August 25, 2017

Wayfair Wall Decor Make-Overs from the Experts

Wayfair Wall Decor Make-Overs from the Experts
Room makeovers include many components. From furniture, to wall color, to lighting, it's easy to forget something. However, bare walls can leave the room feeling bland and boring. Wall décor is the perfect option to create a focal point in the room, all while adding a finishing touch to the room's style.

Wall décor - including wall art, wall accents, and wall mirrors - can brighten and bring life to a room. Here at Wayfair, we're inspired by wall décor transformations. That's why we asked eleven interior designers to share their recent room makeovers featuring wall décor. And look out for our tips to help you utilize wall decorations in your own home!

Tip Round Up from the Experts:
Debbie Talianko pro-tip: Here's a trick-- take a photo of the room from several feet back and try to incorporate your furnishings into the shot with the wall you want to decorate. Then print this photo and sketch on top of it (or use an iPad) to plan how you might arrange the art. This will save you lots of patching later on!

"If you're starting with a blank wall, decide the type of art and accessories that will be the most appropriate. Find a common thread among them. For instance, if you are planning a wall in a family room, then most certainly, photos of family vacations, portraits and the kids' art work from school projects will seem right on this wall. The thing about wall décor is not to overdo it. I often explain to my clients that it isn't necessary to fill every space that's available. Instead, go every other wall if you can. By leaving blank walls in between walls with your artwork, you give the eye (the brain) a chance to process what it sees. If there is too much going on, the brain won't be able to process what it sees nor enjoy the view. When arranging art on a wall, think about the shape of the wall space and then mimic the same shape with your artwork. In other words, if the wall is a tall rectangle, then make your group of framed art into a tall rectangular grouping. Also, leave a good amount of border all around it."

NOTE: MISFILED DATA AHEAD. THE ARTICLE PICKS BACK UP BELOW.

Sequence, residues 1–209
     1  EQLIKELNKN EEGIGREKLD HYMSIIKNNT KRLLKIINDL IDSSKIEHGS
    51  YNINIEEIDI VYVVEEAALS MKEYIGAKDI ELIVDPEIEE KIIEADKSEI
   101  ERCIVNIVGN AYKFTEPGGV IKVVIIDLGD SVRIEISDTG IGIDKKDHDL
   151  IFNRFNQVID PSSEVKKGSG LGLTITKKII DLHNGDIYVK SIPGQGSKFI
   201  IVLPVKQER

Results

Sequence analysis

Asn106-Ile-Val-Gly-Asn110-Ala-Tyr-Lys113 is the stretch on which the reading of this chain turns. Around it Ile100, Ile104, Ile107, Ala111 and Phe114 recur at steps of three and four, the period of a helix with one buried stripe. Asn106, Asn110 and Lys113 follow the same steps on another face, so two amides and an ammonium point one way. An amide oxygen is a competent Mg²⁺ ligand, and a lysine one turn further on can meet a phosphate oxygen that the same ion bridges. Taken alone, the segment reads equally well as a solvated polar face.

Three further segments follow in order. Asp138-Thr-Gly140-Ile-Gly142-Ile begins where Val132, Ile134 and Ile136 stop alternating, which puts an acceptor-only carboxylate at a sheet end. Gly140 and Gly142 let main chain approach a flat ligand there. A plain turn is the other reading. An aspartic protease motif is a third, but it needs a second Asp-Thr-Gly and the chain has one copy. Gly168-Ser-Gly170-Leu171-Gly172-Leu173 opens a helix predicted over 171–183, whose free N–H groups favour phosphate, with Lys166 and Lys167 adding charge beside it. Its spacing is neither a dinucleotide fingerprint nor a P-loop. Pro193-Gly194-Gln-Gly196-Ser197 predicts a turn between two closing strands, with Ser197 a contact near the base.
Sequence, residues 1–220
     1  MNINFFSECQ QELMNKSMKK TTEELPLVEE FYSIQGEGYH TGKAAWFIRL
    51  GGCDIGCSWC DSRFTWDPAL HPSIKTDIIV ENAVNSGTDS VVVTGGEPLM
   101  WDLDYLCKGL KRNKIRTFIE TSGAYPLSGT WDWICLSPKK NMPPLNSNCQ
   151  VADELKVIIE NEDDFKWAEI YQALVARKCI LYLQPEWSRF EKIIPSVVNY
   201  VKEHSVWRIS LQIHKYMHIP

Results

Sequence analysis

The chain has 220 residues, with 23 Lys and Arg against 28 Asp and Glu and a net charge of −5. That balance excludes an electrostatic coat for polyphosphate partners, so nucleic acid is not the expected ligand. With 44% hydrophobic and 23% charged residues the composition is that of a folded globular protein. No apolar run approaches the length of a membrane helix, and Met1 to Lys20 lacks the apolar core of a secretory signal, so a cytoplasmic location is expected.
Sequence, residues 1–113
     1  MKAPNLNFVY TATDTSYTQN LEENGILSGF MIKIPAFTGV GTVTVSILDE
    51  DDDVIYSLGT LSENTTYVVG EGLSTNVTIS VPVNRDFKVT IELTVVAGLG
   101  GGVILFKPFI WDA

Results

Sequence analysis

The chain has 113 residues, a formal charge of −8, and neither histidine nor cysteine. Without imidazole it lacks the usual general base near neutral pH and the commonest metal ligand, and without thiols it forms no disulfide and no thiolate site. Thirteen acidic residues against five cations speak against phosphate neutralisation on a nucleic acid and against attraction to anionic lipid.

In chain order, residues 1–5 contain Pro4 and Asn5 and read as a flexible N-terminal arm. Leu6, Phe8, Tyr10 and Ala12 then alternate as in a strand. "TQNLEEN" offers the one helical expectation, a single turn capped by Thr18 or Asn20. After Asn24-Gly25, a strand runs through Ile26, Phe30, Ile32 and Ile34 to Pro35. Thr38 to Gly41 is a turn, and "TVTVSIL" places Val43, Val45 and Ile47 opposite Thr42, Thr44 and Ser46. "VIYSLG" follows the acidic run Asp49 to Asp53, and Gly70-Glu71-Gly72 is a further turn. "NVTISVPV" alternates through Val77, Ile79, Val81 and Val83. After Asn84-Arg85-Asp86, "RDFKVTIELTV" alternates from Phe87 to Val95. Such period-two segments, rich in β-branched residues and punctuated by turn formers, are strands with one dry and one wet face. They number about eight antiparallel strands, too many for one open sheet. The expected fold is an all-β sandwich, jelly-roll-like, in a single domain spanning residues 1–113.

Marie Flanigan pro-tip: Never underestimate the power of a well-crafted mirror! They enhance light, help narrow spaces appear larger and reflect the lovely details present in your newly designed space.

"Starting with a blank slate can be fun but can also pose a challenging question – where to begin? First, determine which piece or pieces of furniture will be anchoring the space before making a decision about what should adorn the wall as this will help you estimate how large or small your wall décor needs to be. Once you know that, select a piece of art or an architectural element that really speaks to you and allow that to set the tone for the remainder of the space. If the piece is on the smaller side, you can group it into a gallery with other interesting art and artifacts, and if it's large, it may be strong enough to stand on its own. It's important to remember there is a great deal of beauty found in simplicity, so fight the urge to over-design."
Jay Britto and David Charente pro-tip: : Our biggest tip? Edit. In order for wall art and coverings to pop they need to have less competition. Keep only what's really serving you and the room and then edit the rest, which will allow your eye to focus on carefully placed wall accents.

"First, everyone has a budget. Finding a way to achieve the luxe look on every budget is part of the fun for the designers. Next, don't be afraid to decorate your walls with materials that are unconventional. If you're decorating a room that's a blank canvas, go for texture. Wall coverings like the one in the bedroom above are an economical way to achieve a 'wow' factor and are a fraction of the price of popular wood paneling or upholstered panels. Frame bold graphics for an eye-catching statement. And don't forget about murals—a hot trend. They are a great way to create drama and one-of-a-kind rooms."